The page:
Want to keep the TNW Conference vibe going?? Tickets for TNW2022 are available now >>

Your sardonic source for consumer tech stories

This article was published on June 25, 2018

    That 1440p monitor you bought might have a 4K screen

    That 1440p monitor you bought might have a 4K screen Image by: Andrew Weber
    Tristan Greene
    Story by

    Tristan Greene

    Editor, Neural by TNW

    Tristan covers human-centric artificial intelligence advances, politics, queer stuff, cannabis, and gaming. Pronouns: He/him Tristan covers human-centric artificial intelligence advances, politics, queer stuff, cannabis, and gaming. Pronouns: He/him

    Some manufacturers may be putting 4K UHD screens inside of 1440p QHD monitors in order to cut costs.

    Up front: If you’ve got a QHD monitor sitting around it might have a 4K panel, but you won’t be able to make use of it. According to Prad, the outlet that broke the story, manufacturers say there’s no way to modify the devices’ firmware in order to unlock UHD resolutions.

    The details: There’s no mention of which particular manufacturers are involved in the process, but the report does indicate that the cost of a 4K panel is “at least as expensive or even cheaper than a QHD panel.” Manufacturers often substitute internal components when parts match up. Unfortunately, in this case, the parts don’t match up.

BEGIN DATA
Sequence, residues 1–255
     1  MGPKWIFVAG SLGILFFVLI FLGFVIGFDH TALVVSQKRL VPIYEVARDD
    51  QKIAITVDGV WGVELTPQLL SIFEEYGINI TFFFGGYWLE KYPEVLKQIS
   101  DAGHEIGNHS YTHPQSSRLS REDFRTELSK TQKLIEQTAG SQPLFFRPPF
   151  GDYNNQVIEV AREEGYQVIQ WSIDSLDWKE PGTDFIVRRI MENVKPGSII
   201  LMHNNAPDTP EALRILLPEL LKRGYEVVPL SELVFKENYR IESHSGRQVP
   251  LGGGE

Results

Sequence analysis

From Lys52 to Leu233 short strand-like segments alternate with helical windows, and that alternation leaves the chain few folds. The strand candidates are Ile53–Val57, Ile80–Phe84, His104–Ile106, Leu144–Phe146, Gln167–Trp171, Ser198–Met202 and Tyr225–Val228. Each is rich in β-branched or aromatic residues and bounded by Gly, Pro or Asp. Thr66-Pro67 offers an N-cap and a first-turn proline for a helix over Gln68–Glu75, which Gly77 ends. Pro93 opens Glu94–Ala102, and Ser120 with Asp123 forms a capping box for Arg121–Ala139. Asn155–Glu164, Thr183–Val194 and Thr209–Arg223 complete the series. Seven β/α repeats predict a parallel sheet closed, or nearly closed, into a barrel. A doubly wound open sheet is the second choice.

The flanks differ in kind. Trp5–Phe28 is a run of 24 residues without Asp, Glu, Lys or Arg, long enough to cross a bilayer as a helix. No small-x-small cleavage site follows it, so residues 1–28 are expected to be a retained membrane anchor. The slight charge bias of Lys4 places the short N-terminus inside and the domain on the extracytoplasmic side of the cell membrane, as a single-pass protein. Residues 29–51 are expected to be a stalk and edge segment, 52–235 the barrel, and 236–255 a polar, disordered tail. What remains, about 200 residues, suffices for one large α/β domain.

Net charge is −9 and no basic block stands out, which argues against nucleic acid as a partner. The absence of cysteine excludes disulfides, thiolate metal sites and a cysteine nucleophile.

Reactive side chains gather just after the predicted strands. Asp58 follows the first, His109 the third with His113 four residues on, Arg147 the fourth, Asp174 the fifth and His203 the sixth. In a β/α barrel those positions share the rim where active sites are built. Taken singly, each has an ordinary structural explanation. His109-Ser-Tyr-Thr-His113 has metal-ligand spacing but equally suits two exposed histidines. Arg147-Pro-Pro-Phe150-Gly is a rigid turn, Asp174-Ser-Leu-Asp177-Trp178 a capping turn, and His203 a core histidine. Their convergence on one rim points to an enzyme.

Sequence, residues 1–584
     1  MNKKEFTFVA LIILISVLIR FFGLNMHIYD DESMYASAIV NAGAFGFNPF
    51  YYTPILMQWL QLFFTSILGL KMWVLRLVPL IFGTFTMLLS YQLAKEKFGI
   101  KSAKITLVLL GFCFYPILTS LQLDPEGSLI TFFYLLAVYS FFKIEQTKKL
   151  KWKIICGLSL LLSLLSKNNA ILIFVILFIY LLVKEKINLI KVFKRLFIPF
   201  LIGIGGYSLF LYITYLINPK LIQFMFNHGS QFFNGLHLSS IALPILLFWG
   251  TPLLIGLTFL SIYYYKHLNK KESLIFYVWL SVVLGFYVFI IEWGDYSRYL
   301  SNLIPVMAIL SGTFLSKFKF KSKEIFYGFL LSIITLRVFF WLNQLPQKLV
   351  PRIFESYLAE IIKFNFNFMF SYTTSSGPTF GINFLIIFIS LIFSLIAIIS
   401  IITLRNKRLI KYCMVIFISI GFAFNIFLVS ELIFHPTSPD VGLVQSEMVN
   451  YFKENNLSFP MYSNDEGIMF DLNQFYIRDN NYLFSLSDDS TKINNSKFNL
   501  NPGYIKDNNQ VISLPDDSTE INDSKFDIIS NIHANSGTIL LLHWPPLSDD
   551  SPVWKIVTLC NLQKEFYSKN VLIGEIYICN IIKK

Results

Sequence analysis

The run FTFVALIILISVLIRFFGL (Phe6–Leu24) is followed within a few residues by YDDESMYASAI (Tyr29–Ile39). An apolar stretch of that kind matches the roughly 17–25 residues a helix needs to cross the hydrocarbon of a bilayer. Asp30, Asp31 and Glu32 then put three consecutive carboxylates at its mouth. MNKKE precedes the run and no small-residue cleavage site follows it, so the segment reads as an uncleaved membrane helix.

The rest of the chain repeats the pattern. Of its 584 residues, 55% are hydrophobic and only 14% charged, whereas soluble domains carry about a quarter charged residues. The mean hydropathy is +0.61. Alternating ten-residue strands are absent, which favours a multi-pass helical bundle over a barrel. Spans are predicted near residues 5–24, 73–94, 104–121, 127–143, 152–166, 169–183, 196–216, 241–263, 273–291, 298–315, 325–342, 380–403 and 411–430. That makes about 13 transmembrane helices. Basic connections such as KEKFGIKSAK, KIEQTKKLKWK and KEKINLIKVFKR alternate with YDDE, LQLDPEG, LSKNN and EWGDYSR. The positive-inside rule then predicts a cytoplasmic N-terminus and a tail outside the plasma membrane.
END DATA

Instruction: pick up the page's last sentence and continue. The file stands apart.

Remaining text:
The bottom line: This is actually bad for consumers. A 4K panel is capable of higher resolution than a QHD panel, but these have to be down-scaled. And that means that a 1440p monitor with a 4K panel has a worse image than one with a 1440p panel.

    Gamers, especially, select 1440p panels with high refresh rates to get the optimum balance between performance and display. Slipping in a 4K display and down-scaling it seems pretty unethical.

    The easiest way to check if your QHD monitor might secretly be housing a 4K panel is to view text at its normal size. If several fonts appear blurry, it’s possible your screen isn’t 1440p, and you may want to contact the manufacturer of your device.

    We’ve reached out to several hardware companies for comment and will update this article as necessary.

    Did you know we have a newsletter all about consumer tech? It’s called Plugged In – and you can subscribe to it right here.